Because the decision to bring a puppy into your home is a decision that will last for the life of the dog, it’s important to determine whether the timing is right. Is your home life suited to dog ownership? Also, how will you find the best place to adopt or buy your puppy? Lets take each decision step by step.

Just because a child asks for a puppy for Christmas or on his birthday, it doesn’t necessarily mean the timing is right or that there is a capable individual who will take responsibility for the puppy’s welfare. Will the dog be alone for 8 or more hours a day? In this case it will difficult to housebreak, socialize and exercise this puppy. Is your home dog friendly? Does your landlord, apartment building, or condo complex allow dogs? Are you as much in favor of a puppy as the one who initiated the search, and do you understand the commitment, related expenses and training requirements involved? Is your child is the only one who wants a dog and the assumption is being made that he or she will do everything that is required? The answers to these questions are extremely revealing and important. It is very important that everyone involved in making the puppy purchase knows that the puppy needs to be cared for its entire life. Veterinarian bills will have to be paid for and accommodations have to be suitable.

Also important to consider, just because a child walks over to a particular puppy and chooses it, doesn’t mean that particular dog will be the right fit for your family for the long-term. Shedding, exercise, size and temperament vary tremendously and are important considerations when choosing a breed. If the decision to buy a dog is impulsively made by a child he or she probably has no idea what the cute puppy he sees today will be like to live with as an adult. For example a Yorkshire Terrier, playful Maltese, tiny toy poodle, or fluffy Pomeranian although very appealing to a young child because they are so small, are not well suited to living in homes with young children. These tiny breeds are fragile and can’t tolerate excessive handling, poking, or chasing and can be easily injured. Although a young child might do well with guinea pigs for example, doesn’t mean he or she is mature enough to handle a tiny puppy. Puppies do not automatically land on their feet when they fall out of a child’s arms or off a bed or sofa. This situation can lead to a severe injury or even an aggressive puppy who nips or snaps to avoid rough handling.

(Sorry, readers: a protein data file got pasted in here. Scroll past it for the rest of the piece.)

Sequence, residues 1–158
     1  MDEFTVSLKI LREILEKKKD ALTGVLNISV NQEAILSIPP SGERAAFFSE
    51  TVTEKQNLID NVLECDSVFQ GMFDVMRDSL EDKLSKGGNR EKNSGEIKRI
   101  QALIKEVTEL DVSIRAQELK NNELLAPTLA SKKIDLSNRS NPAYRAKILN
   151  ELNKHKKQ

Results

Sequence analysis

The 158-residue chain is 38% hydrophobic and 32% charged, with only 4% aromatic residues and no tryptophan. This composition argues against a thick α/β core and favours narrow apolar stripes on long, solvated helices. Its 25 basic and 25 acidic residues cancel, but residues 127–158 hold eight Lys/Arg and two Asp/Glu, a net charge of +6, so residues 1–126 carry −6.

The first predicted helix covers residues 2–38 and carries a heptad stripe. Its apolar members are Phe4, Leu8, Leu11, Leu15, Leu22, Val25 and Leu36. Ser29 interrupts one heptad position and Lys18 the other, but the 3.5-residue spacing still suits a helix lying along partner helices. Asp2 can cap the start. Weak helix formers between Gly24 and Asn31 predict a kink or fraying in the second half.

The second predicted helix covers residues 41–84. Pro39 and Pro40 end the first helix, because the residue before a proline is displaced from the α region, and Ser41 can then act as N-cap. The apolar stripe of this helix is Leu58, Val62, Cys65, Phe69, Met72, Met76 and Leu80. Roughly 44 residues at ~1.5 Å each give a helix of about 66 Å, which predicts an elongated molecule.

On the other hand a frisky Golden Retriever, Boxer, English Mastiff, Bernese, or sturdy Labrador Retriever can often be very good companions for young children. These breeds enjoy games and outside play in a fenced yard. It should be noted that although these and other breeds can make good companions for children they grow quickly, can be very rambunctious, and chew for several months making them good pets only if they are raised with responsible training. There are also many medium-sized breeds that are well suited for family life such as Boston terriers, Pugs, Cavaliers, Westies, and Cockapoos to name a few. If allergies are an issue, some of the breeds to consider are Poodles, Shih Tzus, Bichons or Soft Coated Wheaten terriers.